The Interplay Between Medications and Pregnancy: What Every Expectant Mother Needs to Know

If you are pregnant or planning to get pregnant, you should be careful when using medications during pregnancy because some medications can potentially harm a developing baby. 

A medication taken during pregnancy can pass from the mother’s bloodstream to the baby through the placenta. Some medications may cause birth defects or other problems in the baby, while others may cause problems for the mother.

For example, acetaminophen is a commonly used and generally safe medication when used as directed. But there have been some concerns raised about the potential link between acetaminophen (the active ingredient in Tylenol) and autism. This concern has led parents to file Tylenol Autism Lawsuit to hold the manufacturers accountable for their actions and inactions that caused the harm. 

If you or a loved one took Tylenol during pregnancy, and your child has developed Autism Spectrum Disorder (ASD) or Attention Deficit Hyperactivity Disorder (ADHD), you may be eligible for a Tylenol Autism Lawsuit as well.

It is generally best for pregnant women to try to avoid taking any unnecessary medications during pregnancy and to speak with a healthcare professional before taking any new medications. They can help determine the potential risks and benefits and make an informed decision about the use of medication during pregnancy.

This article talks about some potential medicines that can affect your unborn baby during pregnancy.


Isotretinoin is taken orally to treat severe acne. It is a potent medication that can have serious side effects and should only be used under the supervision of a healthcare professional.

If taken during pregnancy, isotretinoin can cause serious birth defects in an unborn baby, including abnormalities of the face, eyes, ears, and skull, as well as abnormalities of the central nervous system, cardiovascular system, and thymus gland. Isotretinoin can also cause miscarriages and premature births. And it is recorded that this medicine can pose an 18 to 28 percent risk of isotretinoin embryopathy.

For these reasons, it is very important for women who are pregnant or who may become pregnant to avoid taking isotretinoin.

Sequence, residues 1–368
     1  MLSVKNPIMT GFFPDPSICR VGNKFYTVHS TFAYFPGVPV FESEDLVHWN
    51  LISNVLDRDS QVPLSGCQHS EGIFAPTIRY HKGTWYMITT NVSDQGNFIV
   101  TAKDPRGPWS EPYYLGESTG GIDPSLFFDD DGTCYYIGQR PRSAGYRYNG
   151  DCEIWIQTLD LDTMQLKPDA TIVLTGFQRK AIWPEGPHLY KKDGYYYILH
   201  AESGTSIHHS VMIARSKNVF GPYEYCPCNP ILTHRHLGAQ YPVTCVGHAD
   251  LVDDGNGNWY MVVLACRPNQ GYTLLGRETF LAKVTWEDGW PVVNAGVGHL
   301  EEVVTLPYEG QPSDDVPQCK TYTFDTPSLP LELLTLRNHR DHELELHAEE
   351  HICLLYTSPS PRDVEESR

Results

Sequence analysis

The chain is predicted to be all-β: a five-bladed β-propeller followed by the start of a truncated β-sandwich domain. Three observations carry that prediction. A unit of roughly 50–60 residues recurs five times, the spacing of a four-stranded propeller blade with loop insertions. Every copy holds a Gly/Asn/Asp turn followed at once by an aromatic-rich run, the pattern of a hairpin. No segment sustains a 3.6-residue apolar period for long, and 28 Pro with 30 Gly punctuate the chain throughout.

Corticosteroids are medications that are used to treat a wide range of conditions, including inflammation, allergic reactions, and autoimmune disorders. They are also sometimes used to help accelerate fetal lung maturation in pregnant women who are at risk of preterm delivery.

If a pregnant woman takes corticosteroids, the medication can pass through the placenta and potentially affect her unborn baby.  The potential risks and benefits of taking corticosteroids during pregnancy should be carefully considered in consultation with a healthcare professional.

Possible risks associated with corticosteroid use during pregnancy include:

  • Increased risk of premature birth
  • Low birth weight
  • Smaller head size
  • Slowed growth in the womb

In some cases, corticosteroids may be necessary to treat a condition that poses a greater risk to the mother or baby. In such cases, the benefits of taking corticosteroids may outweigh the potential risks. However, it is important for pregnant women to discuss the potential risks and benefits with their healthcare provider before taking any medication.


Phenytoin is a medication that works to control seizures and some types of abnormal heartbeat problems. It is classified as a pregnancy category D medication, which means that it may be harmful to a developing baby when taken during pregnancy.

If taken during pregnancy, phenytoin may increase the risk of birth defects, including abnormalities of the face, head, and brain. It may also cause problems with the baby’s bone development and cause the baby to be smaller than expected.

According to the Children’s Hospital of Philadelphia, if a pregnant woman takes phenytoin within the first three months of pregnancy, there is a 5 to 10 percent chance that her child will be born with Fetal Hydantoin Syndrome.

If you become pregnant while taking phenytoin, talk to your doctor as soon as possible. They may recommend a different medication that will control your seizures or irregular heartbeats without posing any risks to the fetus.


Benzodiazepines are a group of medications used to treat conditions such as anxiety, insomnia, and seizures. They can be effective at treating these conditions, but they can also have side effects and are generally not recommended for use during pregnancy.

According to a study, The risk of overall malformations in babies whose mothers took benzodiazepines during pregnancy was 65.3 per 1,000 pregnancies.

Benzodiazepines may increase the risk of birth defects and other problems in a developing fetus if taken during pregnancy. Some research suggests that benzodiazepines interfere with normal brain development, as well as organ formation.

It is important to note that the potential risks associated with taking benzodiazepines during pregnancy may vary depending on the specific medication, the timing of use, and the individual characteristics of the mother and baby.


If you are pregnant or planning to become so, it is important that you discuss all medications with your healthcare provider. They can help determine the potential risks and benefits of those substances for both mother and child.

If you are pregnant and already taking any of the above medications, speak with your healthcare provider. They may recommend switching to a different medication or treatment approach in order to manage your problems during pregnancy.